Bioinorganic Coordination Chemistry
This experiment uses H2TTP made during the last lab and hydrated
copper (II) acetate to convert the H2TTP to Cu(TTP). The reaction
proceeds by being refluxed for 30 minutes. The final product is a
non-iridescent purple color, unlike the vivid, shimmering purple color
of the starting H2TTP.
Thin layer chromatography, or TLC, is used as a prerequisite for
column chromatography. When performing types of chromatography, like
TLC, the polarity of solvents is extremely important. This lab uses
TLC plates, five solvents (hexane, toluene, ethyl acetate,
dichloromethane, and acetone), and small evaporating dishes to
determine which solvent would be best to use in column chromatography.
The least polar solvent is hexane, which has a polarity index of 0.1.
Toluene has a polarity index of 2.4, while ethyl acetate’s is almost
twice that at 4.4. By comparing the polarity indexes, you can tell
what solvent will separate your dots of product on your TLC plates the
best (Skoog 761).
The equipment needed for this experiment is as following: 100 mL round
bottom flask, stir bar, water condenser, hot plate, UV light, Pasteur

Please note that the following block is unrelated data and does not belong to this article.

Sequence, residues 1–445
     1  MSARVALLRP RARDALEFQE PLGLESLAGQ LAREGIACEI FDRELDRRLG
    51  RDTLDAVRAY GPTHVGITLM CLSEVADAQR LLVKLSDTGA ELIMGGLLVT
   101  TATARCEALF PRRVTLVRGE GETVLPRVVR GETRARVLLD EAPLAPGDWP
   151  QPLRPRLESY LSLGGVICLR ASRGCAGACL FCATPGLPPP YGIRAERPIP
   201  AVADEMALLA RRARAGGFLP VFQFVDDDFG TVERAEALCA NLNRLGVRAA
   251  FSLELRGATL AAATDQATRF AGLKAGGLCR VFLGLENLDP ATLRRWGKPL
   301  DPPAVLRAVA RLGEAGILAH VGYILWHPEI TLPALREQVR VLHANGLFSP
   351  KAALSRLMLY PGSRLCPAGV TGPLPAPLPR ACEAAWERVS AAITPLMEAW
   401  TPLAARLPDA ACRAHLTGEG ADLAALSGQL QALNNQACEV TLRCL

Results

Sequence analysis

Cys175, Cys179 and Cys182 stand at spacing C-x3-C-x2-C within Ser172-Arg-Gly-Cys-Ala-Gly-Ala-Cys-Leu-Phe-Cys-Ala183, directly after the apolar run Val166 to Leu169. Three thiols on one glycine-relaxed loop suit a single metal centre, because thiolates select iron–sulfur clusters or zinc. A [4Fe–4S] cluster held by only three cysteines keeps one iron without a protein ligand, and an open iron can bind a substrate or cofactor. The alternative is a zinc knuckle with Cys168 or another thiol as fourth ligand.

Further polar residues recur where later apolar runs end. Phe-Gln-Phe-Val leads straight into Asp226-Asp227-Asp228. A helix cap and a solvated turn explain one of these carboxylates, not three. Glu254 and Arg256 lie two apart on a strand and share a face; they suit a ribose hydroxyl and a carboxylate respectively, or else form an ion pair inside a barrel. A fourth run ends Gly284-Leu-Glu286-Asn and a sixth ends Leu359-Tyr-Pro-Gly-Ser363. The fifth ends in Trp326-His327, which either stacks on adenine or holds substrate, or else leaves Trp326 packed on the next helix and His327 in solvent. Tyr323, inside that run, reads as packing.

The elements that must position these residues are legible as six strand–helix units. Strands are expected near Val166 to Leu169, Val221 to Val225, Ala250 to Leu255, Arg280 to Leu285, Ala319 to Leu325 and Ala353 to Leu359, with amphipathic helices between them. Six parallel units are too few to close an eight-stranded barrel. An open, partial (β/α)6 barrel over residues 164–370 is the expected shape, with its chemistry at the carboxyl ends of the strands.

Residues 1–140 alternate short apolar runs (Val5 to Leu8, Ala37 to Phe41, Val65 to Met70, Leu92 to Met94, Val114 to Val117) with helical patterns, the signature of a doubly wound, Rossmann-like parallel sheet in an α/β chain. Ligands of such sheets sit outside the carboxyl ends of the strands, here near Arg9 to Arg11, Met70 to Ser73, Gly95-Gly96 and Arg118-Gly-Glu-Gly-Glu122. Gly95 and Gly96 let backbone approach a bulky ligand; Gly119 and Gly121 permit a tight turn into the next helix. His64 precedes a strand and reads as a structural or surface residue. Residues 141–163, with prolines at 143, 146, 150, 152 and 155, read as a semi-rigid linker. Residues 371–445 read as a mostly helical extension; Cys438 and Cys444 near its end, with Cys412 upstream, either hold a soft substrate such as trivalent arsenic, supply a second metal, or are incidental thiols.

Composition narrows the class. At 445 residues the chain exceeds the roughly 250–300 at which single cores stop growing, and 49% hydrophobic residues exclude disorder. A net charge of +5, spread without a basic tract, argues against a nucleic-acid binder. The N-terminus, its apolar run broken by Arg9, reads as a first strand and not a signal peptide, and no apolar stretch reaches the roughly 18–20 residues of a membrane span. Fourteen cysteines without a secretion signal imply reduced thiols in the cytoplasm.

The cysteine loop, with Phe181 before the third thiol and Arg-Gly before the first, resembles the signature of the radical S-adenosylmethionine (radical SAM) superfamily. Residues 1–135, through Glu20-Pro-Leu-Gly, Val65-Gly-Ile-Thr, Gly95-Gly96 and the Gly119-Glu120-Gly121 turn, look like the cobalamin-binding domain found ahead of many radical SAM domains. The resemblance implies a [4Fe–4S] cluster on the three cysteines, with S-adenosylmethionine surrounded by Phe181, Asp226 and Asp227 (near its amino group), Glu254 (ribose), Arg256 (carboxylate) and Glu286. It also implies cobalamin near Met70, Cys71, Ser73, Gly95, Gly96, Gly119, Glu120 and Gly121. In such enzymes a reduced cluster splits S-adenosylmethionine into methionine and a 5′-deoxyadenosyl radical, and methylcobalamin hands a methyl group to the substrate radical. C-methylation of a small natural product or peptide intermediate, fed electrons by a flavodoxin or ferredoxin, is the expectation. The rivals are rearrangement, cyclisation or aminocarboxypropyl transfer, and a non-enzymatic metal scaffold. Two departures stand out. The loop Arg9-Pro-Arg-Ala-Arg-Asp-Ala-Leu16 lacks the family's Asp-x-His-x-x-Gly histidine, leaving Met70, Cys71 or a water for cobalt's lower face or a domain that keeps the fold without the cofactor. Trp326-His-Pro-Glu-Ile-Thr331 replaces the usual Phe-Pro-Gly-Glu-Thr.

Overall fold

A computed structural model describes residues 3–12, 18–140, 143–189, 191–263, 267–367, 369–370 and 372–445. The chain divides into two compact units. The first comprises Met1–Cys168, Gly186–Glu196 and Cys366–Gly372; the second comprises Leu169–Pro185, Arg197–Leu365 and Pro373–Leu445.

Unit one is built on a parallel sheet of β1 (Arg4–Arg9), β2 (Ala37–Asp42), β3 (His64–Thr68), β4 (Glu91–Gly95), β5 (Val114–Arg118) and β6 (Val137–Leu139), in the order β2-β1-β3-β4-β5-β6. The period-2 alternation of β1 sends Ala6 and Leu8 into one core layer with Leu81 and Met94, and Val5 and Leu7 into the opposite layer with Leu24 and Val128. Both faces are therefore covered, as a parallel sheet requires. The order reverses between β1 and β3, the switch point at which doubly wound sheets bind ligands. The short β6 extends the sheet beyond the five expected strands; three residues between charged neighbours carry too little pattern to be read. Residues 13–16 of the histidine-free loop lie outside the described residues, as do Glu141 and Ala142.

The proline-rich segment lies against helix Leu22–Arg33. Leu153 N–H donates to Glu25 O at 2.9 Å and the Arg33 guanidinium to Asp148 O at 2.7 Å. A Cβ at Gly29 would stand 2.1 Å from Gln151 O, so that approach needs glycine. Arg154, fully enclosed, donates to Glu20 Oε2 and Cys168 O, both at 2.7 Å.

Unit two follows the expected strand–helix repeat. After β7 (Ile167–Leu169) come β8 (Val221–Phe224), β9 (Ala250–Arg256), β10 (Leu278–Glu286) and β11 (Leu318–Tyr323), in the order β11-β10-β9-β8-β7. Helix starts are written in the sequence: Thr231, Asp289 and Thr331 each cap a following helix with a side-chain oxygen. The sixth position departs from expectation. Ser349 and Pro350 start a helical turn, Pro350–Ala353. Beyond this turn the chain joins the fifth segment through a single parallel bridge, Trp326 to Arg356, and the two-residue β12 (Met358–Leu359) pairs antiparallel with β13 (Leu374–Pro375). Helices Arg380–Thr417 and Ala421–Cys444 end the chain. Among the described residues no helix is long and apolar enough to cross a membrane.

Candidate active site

pipet, ice bath, separatory funnel, rotary evaporator, evaporating
dish, cotton for filtering, and UV-vis spectrometer.
The chemicals required are: 0.1 g. of H2TTP made previously, 20 mL
N,N-dimethylformamide, 0.16 g. hydrated copper acetate, distilled
water, 75 mL dichloromethane, hexane, toluene, ethyl acetate,
dichloromethane, and acetone for TLC plates.
1. Measure out 0.1 g. of the H2TTP made previously into a 100 mL
round bottom flask with a stir bar.
2. Add 20 mL of N,N-dimethylformamide (a bright blue powder) and let
the solution stir.
3. Add 0.16 g. of hydrated copper (II) acetate, cover with a water
condenser and allow to reflux for 30 minutes.
4. Spot the solution on a TLC plate and check with UV light to see
if there is any red on or around the spot. Add additional copper
(II) acetate and allow to reflux for 10 more minutes if any red is
5. When the reaction is complete, cool in an ice bath for 5-10
minutes then add 50 mL of distilled water.
6. Transfer into a separatory funnel and wash three times with 25 mL
of dichloromethane. Collect the bottom layer each time. Discard
the top layer properly.
7. Pour the collected solution back into the separatory funnel and
add 50 mL of distilled water. Shake. Drain off the bottom
8. Dry the bottom layer using a rotary evaporator.
9. Make five TLC plates spotted on a line drawn near the bottom,
once with the beginning product and once with the final product.